In Indianapolis, Vaughn believes the convention center, nearby hotels, restaurants and downtown businesses, many within walking distance of the venue, could safely accommodate up to 24 teams. The 745,000-square foot facility would feature six basketball courts and two competition courts.

Anyone entering the convention center would undergo saliva-based rapid response testing, which would be sent to a third-party lab for results. Others venues could be added, too, potentially with more fans, if the case numbers decline.

If there is a taker, the event also could serve as a dry run for the 2021 Final Four, also slated for Indy.

“It’s not going to hurt,” Vaughn said. “I can tell you all the planning we’re doing right now is the same for a Final Four that’s been scheduled here for any other year. But it would be nice to have this experience under our belt to see if it can be done.”

Maui Invitational moving to North Carolina during pandemic

Brian Spurlock-USA TODAY Sports
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ASHEVILLE, N.C. — The Maui Invitational is moving to the mainland during the coronavirus pandemic.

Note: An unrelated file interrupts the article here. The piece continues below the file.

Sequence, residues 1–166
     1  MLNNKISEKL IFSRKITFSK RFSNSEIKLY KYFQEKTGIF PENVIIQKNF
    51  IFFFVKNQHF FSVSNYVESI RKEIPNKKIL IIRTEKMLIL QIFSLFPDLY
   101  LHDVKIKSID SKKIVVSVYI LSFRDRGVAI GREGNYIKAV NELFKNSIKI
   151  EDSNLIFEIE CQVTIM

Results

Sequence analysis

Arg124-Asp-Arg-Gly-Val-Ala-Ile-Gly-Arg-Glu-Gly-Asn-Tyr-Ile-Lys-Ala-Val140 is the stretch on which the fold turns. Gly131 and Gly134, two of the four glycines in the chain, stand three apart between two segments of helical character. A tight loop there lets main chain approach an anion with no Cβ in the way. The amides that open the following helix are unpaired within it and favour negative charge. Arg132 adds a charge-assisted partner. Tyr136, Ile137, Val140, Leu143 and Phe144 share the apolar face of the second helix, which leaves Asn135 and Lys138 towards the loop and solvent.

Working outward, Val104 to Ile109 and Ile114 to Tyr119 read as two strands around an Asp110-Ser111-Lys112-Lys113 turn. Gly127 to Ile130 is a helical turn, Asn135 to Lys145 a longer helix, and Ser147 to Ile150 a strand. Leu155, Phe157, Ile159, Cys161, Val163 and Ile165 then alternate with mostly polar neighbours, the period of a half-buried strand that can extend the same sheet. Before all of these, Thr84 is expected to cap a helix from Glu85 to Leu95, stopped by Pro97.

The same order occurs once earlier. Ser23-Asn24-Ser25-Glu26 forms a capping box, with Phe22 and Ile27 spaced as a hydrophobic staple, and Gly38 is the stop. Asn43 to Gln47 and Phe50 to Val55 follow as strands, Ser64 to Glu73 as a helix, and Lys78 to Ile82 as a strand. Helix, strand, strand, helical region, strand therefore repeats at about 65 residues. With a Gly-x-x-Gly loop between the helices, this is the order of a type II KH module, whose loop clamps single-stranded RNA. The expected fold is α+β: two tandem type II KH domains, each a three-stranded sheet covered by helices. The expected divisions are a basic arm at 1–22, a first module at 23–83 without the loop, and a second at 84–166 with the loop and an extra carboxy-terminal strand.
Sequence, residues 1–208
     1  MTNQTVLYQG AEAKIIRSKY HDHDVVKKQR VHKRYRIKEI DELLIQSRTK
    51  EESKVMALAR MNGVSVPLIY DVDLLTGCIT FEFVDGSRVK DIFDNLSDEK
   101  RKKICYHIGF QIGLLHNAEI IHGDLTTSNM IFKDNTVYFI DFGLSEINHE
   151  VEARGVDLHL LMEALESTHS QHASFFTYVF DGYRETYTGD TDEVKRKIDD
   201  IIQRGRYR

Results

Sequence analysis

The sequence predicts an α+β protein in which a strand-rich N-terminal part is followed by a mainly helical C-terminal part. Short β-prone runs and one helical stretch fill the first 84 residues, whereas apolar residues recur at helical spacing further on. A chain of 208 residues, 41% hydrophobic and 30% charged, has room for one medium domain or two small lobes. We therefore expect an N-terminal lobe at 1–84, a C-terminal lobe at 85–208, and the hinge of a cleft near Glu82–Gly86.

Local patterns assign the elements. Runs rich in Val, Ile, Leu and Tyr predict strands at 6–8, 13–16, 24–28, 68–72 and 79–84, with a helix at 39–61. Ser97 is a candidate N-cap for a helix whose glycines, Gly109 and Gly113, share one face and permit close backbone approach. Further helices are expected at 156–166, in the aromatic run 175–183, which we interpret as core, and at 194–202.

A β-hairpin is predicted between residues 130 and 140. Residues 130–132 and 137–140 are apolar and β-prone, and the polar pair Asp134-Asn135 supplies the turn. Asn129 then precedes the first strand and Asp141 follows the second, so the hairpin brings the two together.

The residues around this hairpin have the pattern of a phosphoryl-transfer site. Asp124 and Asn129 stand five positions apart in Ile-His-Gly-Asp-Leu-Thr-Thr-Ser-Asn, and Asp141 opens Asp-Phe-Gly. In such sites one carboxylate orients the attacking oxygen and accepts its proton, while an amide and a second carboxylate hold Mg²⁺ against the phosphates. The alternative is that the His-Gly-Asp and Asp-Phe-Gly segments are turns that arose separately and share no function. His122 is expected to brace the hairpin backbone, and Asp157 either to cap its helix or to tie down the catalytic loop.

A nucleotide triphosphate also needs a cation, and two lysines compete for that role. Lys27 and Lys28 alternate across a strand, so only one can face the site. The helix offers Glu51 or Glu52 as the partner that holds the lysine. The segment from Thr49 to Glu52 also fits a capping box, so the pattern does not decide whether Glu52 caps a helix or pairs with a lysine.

One of the premier preseason tournaments on the college basketball schedule, the Maui Invitational will be played at the Harrah’s Cherokee Center in downtown Asheville, North Carolina.

Dates for the tournament announced Friday have yet to be finalized. The NCAA announced Wednesday that the college basketball season will begin Nov. 25.

This year’s Maui Invitational field includes Alabama, Davidson, Indiana, North Carolina, Providence, Stanford, Texas and UNLV.

All teams, staff, officials, and personnel will be in a bubble environment that limits their movement and interaction outside the venue.

Burton eligible at Texas Tech after 2 seasons at Wichita State

Peter G. Aiken-USA TODAY Sports
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LUBBOCK, Texas — Junior guard Jamarius Burton has been granted a waiver from the NCAA that makes him eligible to play this season for Texas Tech after starting 52 games the past two seasons for Wichita State.

Texas Tech coach Chris Beard announced the waiver Thursday, which came five months after Burton signed with the Big 12 team.

Burton has two seasons of eligibility remaining, as well as a redshirt season he could utilize. He averaged 10.3 points and 3.4 assists per game as a sophomore at Wichita State, where he played 67 games overall.